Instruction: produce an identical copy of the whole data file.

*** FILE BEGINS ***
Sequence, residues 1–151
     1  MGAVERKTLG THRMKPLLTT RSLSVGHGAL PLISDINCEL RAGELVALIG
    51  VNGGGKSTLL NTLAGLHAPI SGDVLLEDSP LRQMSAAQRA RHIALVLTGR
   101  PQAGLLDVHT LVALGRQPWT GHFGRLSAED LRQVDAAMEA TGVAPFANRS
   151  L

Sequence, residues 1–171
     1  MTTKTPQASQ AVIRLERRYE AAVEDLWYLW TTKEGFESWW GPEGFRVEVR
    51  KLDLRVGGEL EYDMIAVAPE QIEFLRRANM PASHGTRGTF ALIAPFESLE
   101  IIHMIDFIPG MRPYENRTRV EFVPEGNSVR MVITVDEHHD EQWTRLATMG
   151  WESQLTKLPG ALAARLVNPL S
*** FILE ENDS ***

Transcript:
Sequence, residues 1–151
     1  MGAVERKTLG THRMKPLLTT RSLSVGHGAL PLISDINCEL RAGELVALIG
    51  VNGGGKSTLL NTLAGLHAPI SGDVLLEDSP LRQMSAAQRA RHIALVLTGR
   101  PQAGLLDVHT LVALGRQPWT GHFGRLSAED LRQVDAAMEA TGVAPFANRS
   151  L

Sequence, residues 1–171
     1  MTTKTPQASQ AVIRLERRYE AAVEDLWYLW TTKEGFESWW GPEGFRVEVR
    51  KLDLRVGGEL EYDMIAVAPE QIEFLRRANM PASHGTRGTF ALIAPFESLE
   101  IIHMIDFIPG MRPYENRTRV EFVPEGNSVR MVITVDEHHD EQWTRLATMG
   151  WESQLTKLPG ALAARLVNPL S